Since 1986 - Covering the Fastest Computers in the World and the People Who Run Them

Language Flags
June 18, 2014

Senate Legislation Prioritizes Science, HPC

Tiffany Trader
US Senate graphic

The US Senate Appropriations Subcommittee on Energy and Water Development is proposing legislation that would boost funding for scientific discovery and next-generation computing. The panel, chaired by Senator Dianne Feinstein (D-CA), approved federal funding legislation that would provide $5.086 billion for the Department of Energy’s (DOE’s) Office of Science for the 2015 fiscal year that begins October 1.

The suggested investment, which increases the Office of Science budget by $20 million above fiscal year 2014 levels, is part of a strategy to “advance the highest priorities in materials research, high performance computing and biology to maintain U.S. scientific leadership,” according to the bill’s sponsors.

Despite the slight increase, the budget is $25 million less than President Obama’s requested amount.

The Senate bill recommends an investment of $151 million for the Exascale Computing Initiative – $91 million from the Office of Science and $60 million from the National Nuclear Security Administration.

“This amount will keep DOE on track to deploy this next-generation computing system by 2022,” the bill’s authors explain. “Exascale computers will not only be substantially faster than today’s highest-performing systems, but also provide new capabilities to answer complex problems needed for scientific discovery, national security and applied energy research.”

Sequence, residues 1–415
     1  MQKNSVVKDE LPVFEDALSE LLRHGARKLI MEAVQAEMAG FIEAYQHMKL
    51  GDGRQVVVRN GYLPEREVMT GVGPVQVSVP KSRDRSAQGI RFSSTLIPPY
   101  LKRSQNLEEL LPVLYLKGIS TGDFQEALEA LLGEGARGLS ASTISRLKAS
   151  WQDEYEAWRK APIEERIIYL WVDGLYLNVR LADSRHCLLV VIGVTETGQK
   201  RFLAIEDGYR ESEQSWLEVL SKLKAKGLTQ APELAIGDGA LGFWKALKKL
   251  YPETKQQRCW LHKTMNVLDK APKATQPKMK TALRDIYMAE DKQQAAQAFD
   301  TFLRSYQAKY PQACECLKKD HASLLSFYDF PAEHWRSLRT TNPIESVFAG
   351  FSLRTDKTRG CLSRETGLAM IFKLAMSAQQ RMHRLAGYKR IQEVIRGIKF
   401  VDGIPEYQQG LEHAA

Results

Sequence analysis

The full spending measure directs $34.2 billion toward a wide range of water and energy-related programs that are considered “vital to America’s economic competitiveness and protect Americans from the threat of nuclear terrorism.”

DOE spending in the Senate bill is slightly higher than similar legislation approved by the House of Representatives Appropriations Committee earlier this month. The House version would provide $5.071 billion for the DOE’s Office of Science, roughly the same as the current budget and about $40 million less than the White House was seeking.

The Senate bill is on track to go before the full Senate Appropriations Committee on Thursday.